The delivery is analog-based, which, in theory, isn't a bad idea... altering the speed of your delivery affects how much hook (spin) the ball has and may also affect the accuracy of each shot. In Brunswick Pro Bowling, it just doesn't work. The analog delivery just isn't consistent. Why, despite nailing the same analog motion five times over, is the accuracy (backswing) all over the place? When releasing the ball, why does the meter come to a screeching halt? If I'm releasing the ball with full power, why is it struggling down the lane?
I have no answers to these questions, and these problems kill an otherwise decent take on the sport. League bowling is implemented rather well (although it's individual and not team-based), and there are achievements to pull off and items to unlock.
I'll post more impressions of the two hockey games tomorrow, as I'll hopefully be spending more time with them today.
Despite all of the talk about the Xbox 360 and the PS3, I spent time today playing games like it was 2005... on my PS2. Granted, the games are new-- the latest hockey offerings from EA and 2K Sports, plus Brunswick Pro Bowling-- but thinking on this speaks volumes as to what I think of the current generation.
I grant you that it is sad to see inconsistent frame rates and various bugs that obviously were overlooked since the focus is on the relatively newer hardware, but my PS2 only cost a fraction of what an Xbox 360 or PS3 would run me, and the game library is already there. Instead of $60 for NHL 08 or NHL 2K8, I got both for less than that. The games are still fun, too, even without the bells and whistles of their current-gen counterparts.
For me, a guy who's been gaming for almost three decades, price has finally become a key factor. I am not a part of HD society, and cutting-edge visuals only do so much for me. If I can enjoy my hobby without sacrificing a cash cow to do it, then it's not even a debate. It's funny how things change once bills and survival enter into the equation... and the price of admission for this generation is still quantitatively higher than it's ever been.
I don't want to hear about adjusting for inflation, or about all of the niceties that you get for slamming down $400+ for a piece of hardware. The fact is that, prior to the Xbox 360 and the PS3, only three video game consoles retailed for more than $300 at launch: The 3D0, the Neo-Geo, and the Saturn. Look at where these systems ended up in the course of console gaming history: the 3D0 never got off of the ground (despite top-notch support from EA), the Neo-Geo never saw any market penetration, and the Saturn got creamed by the PlayStation after lackluster third-party support and general negative sentiment after the prior hardware debacles.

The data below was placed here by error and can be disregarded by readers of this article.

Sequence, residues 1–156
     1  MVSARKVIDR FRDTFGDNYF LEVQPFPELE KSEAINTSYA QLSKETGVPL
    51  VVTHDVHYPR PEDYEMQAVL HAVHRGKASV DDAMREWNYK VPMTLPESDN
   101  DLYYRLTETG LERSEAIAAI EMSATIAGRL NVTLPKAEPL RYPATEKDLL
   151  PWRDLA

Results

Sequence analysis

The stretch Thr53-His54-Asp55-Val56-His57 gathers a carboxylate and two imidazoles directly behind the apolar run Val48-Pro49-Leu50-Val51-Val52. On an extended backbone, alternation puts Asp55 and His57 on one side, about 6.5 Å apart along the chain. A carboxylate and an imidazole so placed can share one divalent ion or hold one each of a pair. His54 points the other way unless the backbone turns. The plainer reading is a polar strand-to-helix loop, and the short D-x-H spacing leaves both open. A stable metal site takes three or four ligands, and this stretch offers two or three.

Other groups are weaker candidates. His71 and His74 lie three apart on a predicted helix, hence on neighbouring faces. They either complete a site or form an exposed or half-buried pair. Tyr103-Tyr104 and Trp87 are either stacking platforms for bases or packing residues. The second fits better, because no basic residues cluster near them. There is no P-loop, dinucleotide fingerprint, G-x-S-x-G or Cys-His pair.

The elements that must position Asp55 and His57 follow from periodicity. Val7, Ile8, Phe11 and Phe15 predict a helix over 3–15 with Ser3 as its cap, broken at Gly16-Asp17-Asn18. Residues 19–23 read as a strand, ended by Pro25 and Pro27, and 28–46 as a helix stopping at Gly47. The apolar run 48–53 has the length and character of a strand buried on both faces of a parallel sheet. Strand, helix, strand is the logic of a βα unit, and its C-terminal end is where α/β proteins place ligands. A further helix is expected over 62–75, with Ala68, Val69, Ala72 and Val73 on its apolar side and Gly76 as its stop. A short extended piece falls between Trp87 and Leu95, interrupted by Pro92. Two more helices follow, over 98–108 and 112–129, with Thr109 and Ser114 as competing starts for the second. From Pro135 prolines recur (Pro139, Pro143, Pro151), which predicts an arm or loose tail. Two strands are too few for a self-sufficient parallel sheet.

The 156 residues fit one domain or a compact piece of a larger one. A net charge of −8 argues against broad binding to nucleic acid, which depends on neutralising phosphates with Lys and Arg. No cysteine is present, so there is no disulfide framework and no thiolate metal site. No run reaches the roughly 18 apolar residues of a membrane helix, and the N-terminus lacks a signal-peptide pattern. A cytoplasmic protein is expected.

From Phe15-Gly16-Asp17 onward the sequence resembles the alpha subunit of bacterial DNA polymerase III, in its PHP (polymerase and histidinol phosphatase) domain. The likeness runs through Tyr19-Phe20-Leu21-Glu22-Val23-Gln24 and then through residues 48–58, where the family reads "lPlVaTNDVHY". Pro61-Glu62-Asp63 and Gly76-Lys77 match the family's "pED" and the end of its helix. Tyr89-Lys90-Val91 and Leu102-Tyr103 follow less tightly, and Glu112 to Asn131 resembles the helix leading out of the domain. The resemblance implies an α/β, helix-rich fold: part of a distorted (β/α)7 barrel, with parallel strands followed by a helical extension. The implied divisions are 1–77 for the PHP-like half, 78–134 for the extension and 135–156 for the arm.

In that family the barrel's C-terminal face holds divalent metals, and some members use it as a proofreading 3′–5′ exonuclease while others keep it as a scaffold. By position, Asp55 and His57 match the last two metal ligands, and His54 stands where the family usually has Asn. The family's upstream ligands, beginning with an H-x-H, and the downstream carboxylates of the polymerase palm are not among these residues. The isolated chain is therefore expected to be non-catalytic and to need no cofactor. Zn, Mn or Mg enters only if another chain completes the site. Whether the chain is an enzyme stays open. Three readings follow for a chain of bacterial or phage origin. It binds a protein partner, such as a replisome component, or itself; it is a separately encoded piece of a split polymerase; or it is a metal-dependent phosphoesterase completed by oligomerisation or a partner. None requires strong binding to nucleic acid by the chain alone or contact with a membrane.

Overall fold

Yes, the Xbox 360 has seen some success. I actually did own one for a time, until the sheer amount of electricity needed to run it began to brown out my home at the time... not acceptable, for obvious reasons. Without a high-definition TV, though, it loses something. The visuals can be stunning, and Microsoft really has a great thing going in Xbox LIVE, but then you look at game prices-- $60 or more? Ouch. Still, it's the most success console to retail for more than $300.
I'm not impressed, though. The 360 hardware is proven to be unreliable. Look at all of those Red Rings of Death! At least Microsoft is doing the right thing and fixing them, but those who paid $400 still are forced to wait for days or weeks for their unit to be fixed. It's a frustrating experience.
As for the PS3, there's not a chance in hell that I'm paying for one... and that's despite my interest in Metal Gear Solid 4. $500? Are you kidding me? Since when is that price point acceptable? I don't care if it washes my clothes and fixes me breakfast every morning. Blu-Ray is still fighting for acceptance as a media format, and Sony's record in that department is inconsistent. (UMDs, anyone?) Besides... I just want to play games. I don't necessarily want to rebuy my entire movie library just to utilize the Blu-Ray capability of the system. We're also still waiting for a real killer app, and it's almost been a year. That's not a good sign.
Even Nintendo doesn't escape my criticism here. I love the Wii, but I'm either playing Virtual Console games, Wii Sports, or Gamecube games. Even Metroid Prime 3 hasn't stirred me (yet).
Maybe I'm just not "feeling" this generation. I hesitate to say that my love for gaming has diminished, because my PS2 has gotten a lot of attention (thanks to the latest .hack entries and a newfound interest in FFXII) and I take my Nintendo DS almost everywhere I go (Puzzle Quest FTW!).
The value simply doesn't match up to the monetary stake involved... at least... not yet. I'm still more content to play (or replay) my PS2 games than I am in spending even $50 on a new Wii game.